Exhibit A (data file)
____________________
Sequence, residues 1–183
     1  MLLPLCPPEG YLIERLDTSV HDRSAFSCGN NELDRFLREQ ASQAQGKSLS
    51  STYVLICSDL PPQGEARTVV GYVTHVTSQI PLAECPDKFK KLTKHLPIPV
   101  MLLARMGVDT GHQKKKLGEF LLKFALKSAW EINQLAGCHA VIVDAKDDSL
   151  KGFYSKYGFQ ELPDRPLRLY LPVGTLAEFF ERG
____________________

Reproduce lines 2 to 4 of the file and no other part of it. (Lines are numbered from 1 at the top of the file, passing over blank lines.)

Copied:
     1  MLLPLCPPEG YLIERLDTSV HDRSAFSCGN NELDRFLREQ ASQAQGKSLS
    51  STYVLICSDL PPQGEARTVV GYVTHVTSQI PLAECPDKFK KLTKHLPIPV
   101  MLLARMGVDT GHQKKKLGEF LLKFALKSAW EINQLAGCHA VIVDAKDDSL